The exhibition presents the resulting drawings along with works from our historical collections, chosen by Deller, that depict the male body, examining shifting representations of masculinity throughout history.
The fifty-three drawings included in the exhibition were created on February 21, 2016, during a one-day life drawing class, using Pop as the unexpected model. The class was held at the New York Academy of Art and included twenty-two artists drawn from New York City’s diverse communities, ranging in age from 19 to 80, with varying backgrounds and levels of education and experience. The class was led by artist and drawing professor Michael Grimaldi. The participating artists are Jeremy Day, Jeanette Farrow, Margaret Fisher, Seiji Gailey, Robert Hagan, Tobias Hall, Deirdra Hazeley, Patricia Hill, Okim Woo Kim, Maureen McAllister, Kallyiah Merilus, Guno Park, Kinley Pleteau, Angel Ramirez, Robert Reid, Mauricio Rodriguez, Danielle Rubin, Taylor Schultek, Charlotte Segall, Andrew Shears, and Levan Songulashvili.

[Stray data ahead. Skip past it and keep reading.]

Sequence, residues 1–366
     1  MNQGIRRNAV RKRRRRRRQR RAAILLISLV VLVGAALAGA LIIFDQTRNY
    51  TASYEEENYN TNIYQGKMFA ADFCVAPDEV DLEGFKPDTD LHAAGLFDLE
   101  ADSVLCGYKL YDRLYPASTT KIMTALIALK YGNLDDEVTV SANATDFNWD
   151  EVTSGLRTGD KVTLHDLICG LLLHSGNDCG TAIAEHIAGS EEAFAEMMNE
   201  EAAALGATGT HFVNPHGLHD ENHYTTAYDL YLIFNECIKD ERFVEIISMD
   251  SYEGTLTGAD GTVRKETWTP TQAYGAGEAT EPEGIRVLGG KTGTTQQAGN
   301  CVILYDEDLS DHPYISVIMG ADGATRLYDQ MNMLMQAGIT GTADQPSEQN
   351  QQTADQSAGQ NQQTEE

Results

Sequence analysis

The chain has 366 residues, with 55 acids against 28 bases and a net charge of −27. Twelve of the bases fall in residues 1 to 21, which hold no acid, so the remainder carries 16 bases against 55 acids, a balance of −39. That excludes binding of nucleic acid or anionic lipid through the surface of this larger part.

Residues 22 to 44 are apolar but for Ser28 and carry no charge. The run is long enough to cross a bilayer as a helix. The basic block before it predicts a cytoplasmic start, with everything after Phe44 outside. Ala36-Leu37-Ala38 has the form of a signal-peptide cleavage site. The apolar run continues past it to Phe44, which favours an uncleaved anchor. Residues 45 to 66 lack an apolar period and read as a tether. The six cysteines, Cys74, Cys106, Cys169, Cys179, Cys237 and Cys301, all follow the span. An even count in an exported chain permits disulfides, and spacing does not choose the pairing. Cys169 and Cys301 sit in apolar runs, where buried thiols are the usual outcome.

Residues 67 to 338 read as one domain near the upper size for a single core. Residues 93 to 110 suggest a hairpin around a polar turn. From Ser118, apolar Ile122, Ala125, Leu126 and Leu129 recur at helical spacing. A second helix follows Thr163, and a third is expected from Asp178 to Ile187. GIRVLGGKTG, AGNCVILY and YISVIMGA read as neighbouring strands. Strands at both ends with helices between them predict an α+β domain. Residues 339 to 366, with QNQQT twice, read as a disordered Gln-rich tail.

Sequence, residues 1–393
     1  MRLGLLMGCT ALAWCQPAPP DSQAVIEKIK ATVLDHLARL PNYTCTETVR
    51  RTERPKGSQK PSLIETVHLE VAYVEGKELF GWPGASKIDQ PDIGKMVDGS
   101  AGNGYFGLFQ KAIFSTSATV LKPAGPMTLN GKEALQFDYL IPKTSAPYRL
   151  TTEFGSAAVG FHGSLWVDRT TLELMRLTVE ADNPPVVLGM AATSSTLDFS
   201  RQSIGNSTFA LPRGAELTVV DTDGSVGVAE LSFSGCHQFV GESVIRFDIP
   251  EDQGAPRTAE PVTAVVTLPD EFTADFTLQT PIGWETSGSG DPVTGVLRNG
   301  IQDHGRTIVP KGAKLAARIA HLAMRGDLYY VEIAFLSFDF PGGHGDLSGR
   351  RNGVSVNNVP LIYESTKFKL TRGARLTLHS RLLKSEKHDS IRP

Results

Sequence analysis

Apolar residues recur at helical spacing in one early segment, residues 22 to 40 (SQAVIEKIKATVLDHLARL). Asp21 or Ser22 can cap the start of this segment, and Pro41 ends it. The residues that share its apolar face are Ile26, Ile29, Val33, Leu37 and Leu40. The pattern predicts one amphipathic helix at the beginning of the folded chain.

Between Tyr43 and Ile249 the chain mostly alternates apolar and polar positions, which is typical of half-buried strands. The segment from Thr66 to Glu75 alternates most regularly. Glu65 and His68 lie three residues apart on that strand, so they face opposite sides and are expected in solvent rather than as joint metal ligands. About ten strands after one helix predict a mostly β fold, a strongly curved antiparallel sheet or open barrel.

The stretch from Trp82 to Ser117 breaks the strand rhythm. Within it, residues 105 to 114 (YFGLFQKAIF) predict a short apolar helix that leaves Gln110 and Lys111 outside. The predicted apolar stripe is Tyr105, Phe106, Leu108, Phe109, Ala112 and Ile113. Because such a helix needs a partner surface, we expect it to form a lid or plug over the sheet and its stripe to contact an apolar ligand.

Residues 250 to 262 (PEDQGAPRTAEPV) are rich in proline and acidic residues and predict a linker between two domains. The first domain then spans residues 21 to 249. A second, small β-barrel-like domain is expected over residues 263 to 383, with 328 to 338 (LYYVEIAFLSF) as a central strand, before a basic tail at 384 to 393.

Deller’s collaboration with Pop as a nude model is essential to his concept. A pioneer rock musician—as a singer, songwriter, musician, and actor—Pop began performing in the 1960s, becoming known for strenuous and unpredictable stage performances that often left his body battered and cut. As Deller notes, "Iggy Pop has one of the most recognizable bodies in popular culture. A body that is key to an understanding of rock music, and that has been paraded, celebrated, and scrutinized through the years in a way that is unusual for a man. It is also fair to say that it has witnessed a lot. It was for these reasons that I wanted him to sit for a life class." For Deller, the life drawing class offered the opportunity to study his body in direct and palpable terms.